How Strong Is The Australian Economy Really?
How strong is the Australian economy really, and what does this mean for interest rates?
This is the debate now being waged by financial market economists across Sydney dealing rooms, and there’s no clear consensus. Goldman Sachs thinks the economy is picking up, and the RBA is on balance likely to raise rates by year-end. JP Morgan, meanwhile, thinks the economy will soften and the RBA will be cutting interest rates by the first half of 2018.
The diversity of views and difficultly in judging who will be right is not helped by the conflicting range of economic signals on the economy. As reported last week, we enjoyed only modest 0.3% GDP growth in the March quarter, with sub-par 1.7% growth over the year. Adding to the woe, the Westpac/Melbourne Institute index of consumer confidence has slipped in recent months to below-average levels and household income growth remains very weak. All this is consistent with weak growth in retail sales.
So far so bad. Yet the May employment report revealed a healthy 42,000 job gain in the month, and 2% employment growth over the year. After threatening to break through 6% again a few months ago, the unemployment rate in the past few months has dropped back to a somewhat more comfortable 5.5%. After a subdued start to the year, retail sales at least bounced back a feisty 1% in April.
Another stark divergence stems from the fact that the National Australia Bank monthly business survey remains unrelentingly upbeat. The all-important business conditions index eased back to +12 (from +13) in May, but remained well above its long-run average of around +3. The survey also reveals the strength in business conditions if fairly broad-based across industries, with all sectors reporting positive business conditions – and even in the weakest sector, retailing, business conditions seem better than they were six months ago.
As seen in the chart below, the divergence between the NAB measure of business conditions and annual trend growth in GDP is particularly wide at present.
Meanwhile, however, the recent improvement in the unemployment rate is consistent with long-established strength in hiring indicators, such as ANZ Job Advertisements and the NAB measure of business hiring intentions.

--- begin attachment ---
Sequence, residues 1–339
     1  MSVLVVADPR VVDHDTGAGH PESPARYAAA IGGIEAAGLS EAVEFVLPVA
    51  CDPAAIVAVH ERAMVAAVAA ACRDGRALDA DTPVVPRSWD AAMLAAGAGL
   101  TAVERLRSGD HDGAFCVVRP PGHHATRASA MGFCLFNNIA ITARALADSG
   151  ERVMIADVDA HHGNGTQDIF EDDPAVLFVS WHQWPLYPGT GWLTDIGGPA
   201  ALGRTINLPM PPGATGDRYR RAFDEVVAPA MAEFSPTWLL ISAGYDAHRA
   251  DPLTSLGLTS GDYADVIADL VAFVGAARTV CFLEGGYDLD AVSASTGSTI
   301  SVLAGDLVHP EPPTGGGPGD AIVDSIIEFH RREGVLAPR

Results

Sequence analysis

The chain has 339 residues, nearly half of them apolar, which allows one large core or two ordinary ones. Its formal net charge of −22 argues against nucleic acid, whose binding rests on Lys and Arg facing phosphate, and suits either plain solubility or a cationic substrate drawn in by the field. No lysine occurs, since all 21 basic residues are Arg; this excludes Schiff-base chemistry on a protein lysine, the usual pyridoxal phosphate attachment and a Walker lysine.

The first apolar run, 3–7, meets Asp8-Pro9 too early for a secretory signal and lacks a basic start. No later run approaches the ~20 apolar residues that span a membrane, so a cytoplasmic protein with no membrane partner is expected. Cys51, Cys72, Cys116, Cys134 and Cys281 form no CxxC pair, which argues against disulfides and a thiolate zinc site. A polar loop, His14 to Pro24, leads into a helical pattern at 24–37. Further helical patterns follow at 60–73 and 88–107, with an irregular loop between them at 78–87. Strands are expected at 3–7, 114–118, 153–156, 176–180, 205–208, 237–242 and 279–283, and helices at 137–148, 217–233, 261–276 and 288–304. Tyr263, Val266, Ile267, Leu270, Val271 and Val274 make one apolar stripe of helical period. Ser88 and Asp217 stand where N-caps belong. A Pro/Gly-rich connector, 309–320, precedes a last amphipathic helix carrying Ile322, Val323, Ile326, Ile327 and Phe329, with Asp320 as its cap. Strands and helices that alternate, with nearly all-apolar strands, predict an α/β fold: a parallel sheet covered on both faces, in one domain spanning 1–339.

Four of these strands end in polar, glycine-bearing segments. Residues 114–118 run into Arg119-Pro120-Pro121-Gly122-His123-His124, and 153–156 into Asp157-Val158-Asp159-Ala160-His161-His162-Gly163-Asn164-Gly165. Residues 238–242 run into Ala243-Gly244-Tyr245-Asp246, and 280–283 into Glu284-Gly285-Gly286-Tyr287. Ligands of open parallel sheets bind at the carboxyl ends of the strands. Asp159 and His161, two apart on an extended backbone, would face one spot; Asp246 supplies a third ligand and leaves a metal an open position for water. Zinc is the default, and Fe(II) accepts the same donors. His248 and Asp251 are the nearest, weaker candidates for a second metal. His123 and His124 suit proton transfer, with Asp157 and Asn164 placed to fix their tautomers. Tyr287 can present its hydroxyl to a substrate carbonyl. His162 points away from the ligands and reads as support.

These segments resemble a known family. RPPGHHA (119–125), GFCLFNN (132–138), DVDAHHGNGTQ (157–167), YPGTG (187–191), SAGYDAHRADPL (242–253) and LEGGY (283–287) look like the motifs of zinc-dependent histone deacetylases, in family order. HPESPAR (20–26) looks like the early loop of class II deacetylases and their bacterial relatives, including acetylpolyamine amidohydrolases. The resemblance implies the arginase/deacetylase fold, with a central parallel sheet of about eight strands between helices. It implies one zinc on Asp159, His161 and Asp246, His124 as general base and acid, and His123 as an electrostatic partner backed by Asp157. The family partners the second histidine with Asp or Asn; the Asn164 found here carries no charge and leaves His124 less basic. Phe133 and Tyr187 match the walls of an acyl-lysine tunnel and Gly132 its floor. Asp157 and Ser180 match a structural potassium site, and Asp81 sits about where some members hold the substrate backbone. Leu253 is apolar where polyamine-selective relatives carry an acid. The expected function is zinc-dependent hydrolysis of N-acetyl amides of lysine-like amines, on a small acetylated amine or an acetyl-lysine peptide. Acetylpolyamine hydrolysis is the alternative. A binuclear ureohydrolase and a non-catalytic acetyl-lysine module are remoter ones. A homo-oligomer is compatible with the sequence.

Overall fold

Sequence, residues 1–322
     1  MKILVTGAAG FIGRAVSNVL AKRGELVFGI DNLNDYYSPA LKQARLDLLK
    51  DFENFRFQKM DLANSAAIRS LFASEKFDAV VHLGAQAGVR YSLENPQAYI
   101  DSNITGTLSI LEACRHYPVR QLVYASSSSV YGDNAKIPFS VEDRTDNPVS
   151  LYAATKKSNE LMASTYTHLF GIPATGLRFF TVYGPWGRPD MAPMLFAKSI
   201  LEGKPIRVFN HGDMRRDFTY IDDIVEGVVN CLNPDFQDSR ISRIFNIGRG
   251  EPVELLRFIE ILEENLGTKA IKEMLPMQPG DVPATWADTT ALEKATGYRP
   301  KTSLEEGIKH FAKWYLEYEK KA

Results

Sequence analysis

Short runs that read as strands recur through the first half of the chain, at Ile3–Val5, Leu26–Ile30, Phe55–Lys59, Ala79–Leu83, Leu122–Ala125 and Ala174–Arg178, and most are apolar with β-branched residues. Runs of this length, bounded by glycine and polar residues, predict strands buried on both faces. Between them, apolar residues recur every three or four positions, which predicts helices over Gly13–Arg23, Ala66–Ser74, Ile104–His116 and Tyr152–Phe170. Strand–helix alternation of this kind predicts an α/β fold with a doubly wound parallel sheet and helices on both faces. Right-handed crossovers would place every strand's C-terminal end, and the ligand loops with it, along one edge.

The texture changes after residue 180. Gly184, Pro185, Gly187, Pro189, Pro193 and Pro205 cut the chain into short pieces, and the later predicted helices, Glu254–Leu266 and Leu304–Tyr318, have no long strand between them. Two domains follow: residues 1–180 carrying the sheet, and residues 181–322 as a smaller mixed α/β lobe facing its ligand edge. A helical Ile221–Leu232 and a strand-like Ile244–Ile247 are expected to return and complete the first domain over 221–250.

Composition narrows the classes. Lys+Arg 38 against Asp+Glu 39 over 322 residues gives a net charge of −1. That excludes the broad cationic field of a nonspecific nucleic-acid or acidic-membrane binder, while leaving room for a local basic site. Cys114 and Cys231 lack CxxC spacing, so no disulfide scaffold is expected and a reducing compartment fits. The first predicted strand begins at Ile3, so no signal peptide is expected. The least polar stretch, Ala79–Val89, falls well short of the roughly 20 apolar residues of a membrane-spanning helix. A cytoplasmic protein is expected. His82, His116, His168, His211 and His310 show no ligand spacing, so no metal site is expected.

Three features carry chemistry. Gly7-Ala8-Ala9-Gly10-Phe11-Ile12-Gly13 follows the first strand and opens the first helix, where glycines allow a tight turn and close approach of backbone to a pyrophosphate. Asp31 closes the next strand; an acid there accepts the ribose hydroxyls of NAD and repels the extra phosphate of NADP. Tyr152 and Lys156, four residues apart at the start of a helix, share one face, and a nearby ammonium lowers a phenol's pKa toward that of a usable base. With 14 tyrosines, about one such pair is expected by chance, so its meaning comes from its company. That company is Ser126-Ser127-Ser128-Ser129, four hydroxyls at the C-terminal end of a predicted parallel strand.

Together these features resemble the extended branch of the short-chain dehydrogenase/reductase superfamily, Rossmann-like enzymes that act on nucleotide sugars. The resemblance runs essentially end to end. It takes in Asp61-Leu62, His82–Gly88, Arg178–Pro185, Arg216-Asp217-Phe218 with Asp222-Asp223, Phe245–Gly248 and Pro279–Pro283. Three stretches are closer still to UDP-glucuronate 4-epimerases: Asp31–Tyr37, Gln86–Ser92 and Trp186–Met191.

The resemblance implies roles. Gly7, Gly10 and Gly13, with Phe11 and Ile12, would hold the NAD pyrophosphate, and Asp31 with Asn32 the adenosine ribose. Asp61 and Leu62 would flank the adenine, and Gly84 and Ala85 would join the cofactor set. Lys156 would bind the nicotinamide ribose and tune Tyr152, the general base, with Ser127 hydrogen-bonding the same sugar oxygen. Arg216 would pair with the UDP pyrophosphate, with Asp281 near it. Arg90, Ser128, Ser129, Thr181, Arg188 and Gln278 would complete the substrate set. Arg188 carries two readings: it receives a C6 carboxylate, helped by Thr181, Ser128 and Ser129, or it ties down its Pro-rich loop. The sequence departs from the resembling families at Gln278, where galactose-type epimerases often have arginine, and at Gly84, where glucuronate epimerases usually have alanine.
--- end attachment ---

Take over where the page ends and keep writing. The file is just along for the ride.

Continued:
What can we make of all this? Sadly, the NAB business conditions index seems at best a coincident indicator of the economy, so it does not necessarily suggest the soggy GDP numbers will improve anytime soon. Indeed, we know that Cyclone Debbie at least, will hold back GDP growth in the June quarter due to disrupted exports and agricultural output.
That said, the NAB employment index – and to a degree ANZ job ads – do appear to lead the unemployment rate somewhat, and so both suggest there’s reduced risk the unemployment rate will threaten 6% again in coming months, and might even drop further. That alone will be enough to keep the RBA on the sidelines.
All up, I think to a degree we should discount the dodgy GDP numbers, especially as they’ve been hit over recent quarter by weather events, and so we should accept the economy is currently travelling reasonably well – most other indicators point in this direction. In turn, that’s consistent with the strength in commodity prices over the previous year and the ramping up in mining export volumes – which has been a notable improvement in the NAB measure of mining business conditions in the past six months. Tourism is also improving, areas such as health and education continue their secular growth, and housing construction activity remains at a high level.
There are valid reasons why the economy presently appears OK.
That said, this still leaves open the question where the economy will head over the coming six months to one year. With housing activity peaking, iron ore prices in sharp retreat, and wage growth likely to remains quite low (as international evidence suggests a low unemployment rate is not enough to put more money in consumer pockets), I’m still inclined to be more downbeat than upbeat. I’d change my mind if the Australian dollar dropped a lot further, perhaps on the back of commodity price weakness and higher US interest rates – but it remains stubbornly range-bound for now.
All up, this suggest the RBA is unlikely to touch interest rates for at least the next three to six months or so. Further out, I still see more downside than upside to the interest rate outlook.
David is one of Australia's leading economic and financial market analysts. His is Chief Economist with BetaShares, and an Economic Advisor to the National Institute for Economic and Industry Research (NIEIR). His has held former roles as senior commentator with The Australian Financial Review, Macquarie Bank interest rate strategist and Federal Treasury economist. He is also author of the online e-book, TheAustralian ETF Guide.